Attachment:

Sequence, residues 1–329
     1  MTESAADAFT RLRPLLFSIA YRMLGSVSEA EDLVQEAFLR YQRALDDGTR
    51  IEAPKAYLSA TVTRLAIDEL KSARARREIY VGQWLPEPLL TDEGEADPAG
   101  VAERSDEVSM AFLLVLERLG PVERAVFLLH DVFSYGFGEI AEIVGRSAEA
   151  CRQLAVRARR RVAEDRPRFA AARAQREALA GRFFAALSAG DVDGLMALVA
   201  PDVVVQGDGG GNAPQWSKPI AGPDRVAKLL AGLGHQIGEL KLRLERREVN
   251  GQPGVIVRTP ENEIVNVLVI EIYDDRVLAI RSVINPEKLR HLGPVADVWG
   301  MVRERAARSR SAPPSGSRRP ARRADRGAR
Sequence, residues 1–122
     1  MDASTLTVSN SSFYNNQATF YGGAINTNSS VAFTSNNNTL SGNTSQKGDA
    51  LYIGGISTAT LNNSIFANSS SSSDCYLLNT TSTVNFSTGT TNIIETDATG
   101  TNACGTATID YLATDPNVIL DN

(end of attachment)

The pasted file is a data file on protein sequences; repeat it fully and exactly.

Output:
Sequence, residues 1–329
     1  MTESAADAFT RLRPLLFSIA YRMLGSVSEA EDLVQEAFLR YQRALDDGTR
    51  IEAPKAYLSA TVTRLAIDEL KSARARREIY VGQWLPEPLL TDEGEADPAG
   101  VAERSDEVSM AFLLVLERLG PVERAVFLLH DVFSYGFGEI AEIVGRSAEA
   151  CRQLAVRARR RVAEDRPRFA AARAQREALA GRFFAALSAG DVDGLMALVA
   201  PDVVVQGDGG GNAPQWSKPI AGPDRVAKLL AGLGHQIGEL KLRLERREVN
   251  GQPGVIVRTP ENEIVNVLVI EIYDDRVLAI RSVINPEKLR HLGPVADVWG
   301  MVRERAARSR SAPPSGSRRP ARRADRGAR
Sequence, residues 1–122
     1  MDASTLTVSN SSFYNNQATF YGGAINTNSS VAFTSNNNTL SGNTSQKGDA
    51  LYIGGISTAT LNNSIFANSS SSSDCYLLNT TSTVNFSTGT TNIIETDATG
   101  TNACGTATID YLATDPNVIL DN